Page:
The government has announced additional support for energy-intensive businesses, designed to keep factories running amid soaring energy costs.
As part of the Energy Security Strategy, the Energy Intensive Industries Compensation Scheme will be extended by three years, while the level of support it provides will also increase. According to the Department for Business, Energy and Industrial Strategy (BEIS), the scheme will now run until at least the end of March 2025 and its budget will more than double to help ensure the UK remains “a desirable location for energy intensive industries”.
Since 2013, the Energy Intensive Industries Compensation Scheme has provided more than £2bn to businesses to relieve the costs of the UK Emissions Trading Scheme and the Carbon Price Support (CPS) mechanism in their electricity bills.
Industry leaders have been warning since October last year that factories across the country could halt production as a result of spiraling energy costs.
As Russia’s invasion of Ukraine continues, wholesale gas prices are up by more than 200% on 12 months ago, due to global supply and demand discrepancies. At present, around 40% of the UK’s electricity is generated by gas-fired power plants. In October last year, Prime Minister Boris Johnson confirmed plans to eliminate fossil fuels from UK electricity generation by 2035.
Business Secretary Kwasi Kwarteng said: “The UK is proudly home to a competitive manufacturing sector that supports well-paid jobs and drives economic growth. However, we know that high global energy prices are a concern for our most energy intensive sectors.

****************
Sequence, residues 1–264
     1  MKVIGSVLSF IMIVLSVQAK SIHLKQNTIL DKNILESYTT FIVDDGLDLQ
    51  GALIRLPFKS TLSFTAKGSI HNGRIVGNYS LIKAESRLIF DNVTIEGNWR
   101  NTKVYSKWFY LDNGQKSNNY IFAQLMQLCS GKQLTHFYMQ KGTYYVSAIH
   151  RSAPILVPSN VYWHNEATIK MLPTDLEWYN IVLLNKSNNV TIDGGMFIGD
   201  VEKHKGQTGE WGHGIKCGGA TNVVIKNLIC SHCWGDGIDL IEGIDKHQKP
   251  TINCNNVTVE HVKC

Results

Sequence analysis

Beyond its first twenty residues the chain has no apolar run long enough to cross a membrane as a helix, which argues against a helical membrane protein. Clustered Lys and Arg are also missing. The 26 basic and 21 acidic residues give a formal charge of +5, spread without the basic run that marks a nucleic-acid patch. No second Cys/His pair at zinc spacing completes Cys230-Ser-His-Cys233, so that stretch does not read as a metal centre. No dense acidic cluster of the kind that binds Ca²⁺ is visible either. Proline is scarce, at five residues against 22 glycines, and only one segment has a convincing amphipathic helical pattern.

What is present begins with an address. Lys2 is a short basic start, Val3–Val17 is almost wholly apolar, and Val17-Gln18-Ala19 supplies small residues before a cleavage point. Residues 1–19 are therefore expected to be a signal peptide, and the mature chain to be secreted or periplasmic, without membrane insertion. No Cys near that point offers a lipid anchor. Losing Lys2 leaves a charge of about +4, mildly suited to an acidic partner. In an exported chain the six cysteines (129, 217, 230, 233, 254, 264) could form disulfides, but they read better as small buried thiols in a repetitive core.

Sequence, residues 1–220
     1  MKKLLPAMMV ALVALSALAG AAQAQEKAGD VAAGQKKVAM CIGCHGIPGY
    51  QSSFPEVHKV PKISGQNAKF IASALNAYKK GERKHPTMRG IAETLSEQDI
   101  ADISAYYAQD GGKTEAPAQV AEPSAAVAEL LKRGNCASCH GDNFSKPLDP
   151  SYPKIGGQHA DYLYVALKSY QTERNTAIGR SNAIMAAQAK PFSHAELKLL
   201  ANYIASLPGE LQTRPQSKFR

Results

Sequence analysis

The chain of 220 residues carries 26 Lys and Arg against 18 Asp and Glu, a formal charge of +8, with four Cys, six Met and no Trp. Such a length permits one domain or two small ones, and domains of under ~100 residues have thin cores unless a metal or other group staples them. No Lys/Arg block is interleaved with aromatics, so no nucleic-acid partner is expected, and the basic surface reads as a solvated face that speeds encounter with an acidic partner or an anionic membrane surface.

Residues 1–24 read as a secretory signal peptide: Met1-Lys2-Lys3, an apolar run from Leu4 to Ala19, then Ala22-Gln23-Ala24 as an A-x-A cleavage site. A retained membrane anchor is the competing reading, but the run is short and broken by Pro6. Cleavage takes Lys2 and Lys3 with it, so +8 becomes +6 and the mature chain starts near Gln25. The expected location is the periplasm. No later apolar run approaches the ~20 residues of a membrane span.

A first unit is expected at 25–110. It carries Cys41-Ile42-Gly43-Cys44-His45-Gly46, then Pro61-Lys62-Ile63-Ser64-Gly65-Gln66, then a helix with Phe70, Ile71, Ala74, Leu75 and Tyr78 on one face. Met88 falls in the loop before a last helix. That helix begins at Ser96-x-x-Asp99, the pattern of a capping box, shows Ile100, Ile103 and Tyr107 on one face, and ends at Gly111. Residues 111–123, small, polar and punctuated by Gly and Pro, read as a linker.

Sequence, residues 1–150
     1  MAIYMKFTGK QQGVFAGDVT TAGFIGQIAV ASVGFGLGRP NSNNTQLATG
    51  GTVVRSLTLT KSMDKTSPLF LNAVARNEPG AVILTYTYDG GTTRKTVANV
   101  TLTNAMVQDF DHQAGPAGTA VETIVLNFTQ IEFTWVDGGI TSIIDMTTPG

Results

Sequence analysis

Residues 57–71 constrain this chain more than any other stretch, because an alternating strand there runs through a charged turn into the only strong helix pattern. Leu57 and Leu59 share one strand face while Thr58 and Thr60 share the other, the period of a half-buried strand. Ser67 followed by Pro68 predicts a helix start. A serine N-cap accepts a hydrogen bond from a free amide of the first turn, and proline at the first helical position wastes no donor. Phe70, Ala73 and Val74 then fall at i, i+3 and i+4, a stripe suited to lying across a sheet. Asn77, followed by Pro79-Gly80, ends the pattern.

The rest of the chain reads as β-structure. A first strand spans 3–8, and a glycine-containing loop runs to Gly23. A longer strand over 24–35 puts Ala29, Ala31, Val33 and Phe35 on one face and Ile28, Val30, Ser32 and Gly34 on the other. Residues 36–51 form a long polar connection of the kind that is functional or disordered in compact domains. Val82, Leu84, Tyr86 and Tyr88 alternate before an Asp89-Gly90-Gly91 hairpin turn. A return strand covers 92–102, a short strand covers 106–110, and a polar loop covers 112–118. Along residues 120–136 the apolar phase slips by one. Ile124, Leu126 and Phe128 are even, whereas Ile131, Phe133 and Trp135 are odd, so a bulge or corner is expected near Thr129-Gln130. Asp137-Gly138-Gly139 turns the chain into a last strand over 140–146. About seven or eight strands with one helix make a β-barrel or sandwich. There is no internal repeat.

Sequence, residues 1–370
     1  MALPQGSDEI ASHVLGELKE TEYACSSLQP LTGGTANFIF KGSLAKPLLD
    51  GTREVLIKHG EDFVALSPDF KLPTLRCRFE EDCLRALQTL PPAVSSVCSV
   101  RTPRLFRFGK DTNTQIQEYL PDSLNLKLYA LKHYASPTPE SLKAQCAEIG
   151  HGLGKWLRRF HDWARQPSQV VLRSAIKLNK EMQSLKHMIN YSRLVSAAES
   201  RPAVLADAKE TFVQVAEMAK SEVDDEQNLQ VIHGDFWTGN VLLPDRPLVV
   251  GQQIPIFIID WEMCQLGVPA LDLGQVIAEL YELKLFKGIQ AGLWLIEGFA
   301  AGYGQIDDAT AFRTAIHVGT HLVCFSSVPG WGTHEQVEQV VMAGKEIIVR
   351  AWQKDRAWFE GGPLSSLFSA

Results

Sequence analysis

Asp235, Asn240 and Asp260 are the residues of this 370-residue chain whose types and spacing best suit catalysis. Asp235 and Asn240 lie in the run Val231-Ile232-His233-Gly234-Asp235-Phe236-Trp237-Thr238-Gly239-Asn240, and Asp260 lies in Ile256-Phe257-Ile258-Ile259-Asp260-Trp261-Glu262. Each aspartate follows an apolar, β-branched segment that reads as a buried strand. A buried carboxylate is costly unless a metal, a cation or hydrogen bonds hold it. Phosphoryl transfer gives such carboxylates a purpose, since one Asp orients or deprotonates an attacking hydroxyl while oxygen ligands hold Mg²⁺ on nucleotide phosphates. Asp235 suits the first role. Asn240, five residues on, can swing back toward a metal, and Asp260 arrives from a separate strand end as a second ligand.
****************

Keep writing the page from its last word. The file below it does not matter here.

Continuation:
“To ensure our energy intensive industries remain competitive on the global stage, we are extending and increasing the budget of our Energy Intensive Industries Compensation Scheme.
“This package will ensure much needed relief for electricity costs remains in place to help protect British industry from volatile global gas markets.”
UK Steel Director General Gareth Stace said: “We warmly welcomed the Prime Minister’s recent commitments to tackle the issue of industrial energy costs, and this is the start of translating these commitments into practical action.
“The three-year extension of the Energy Intensive Industries Compensation Scheme and the increase in the level of relief provided by it delivers on a long-standing industry ask and provides a much-needed reduction in electricity costs.”
The government has said full details of the Energy Intensive Industries Compensation Scheme will be published soon.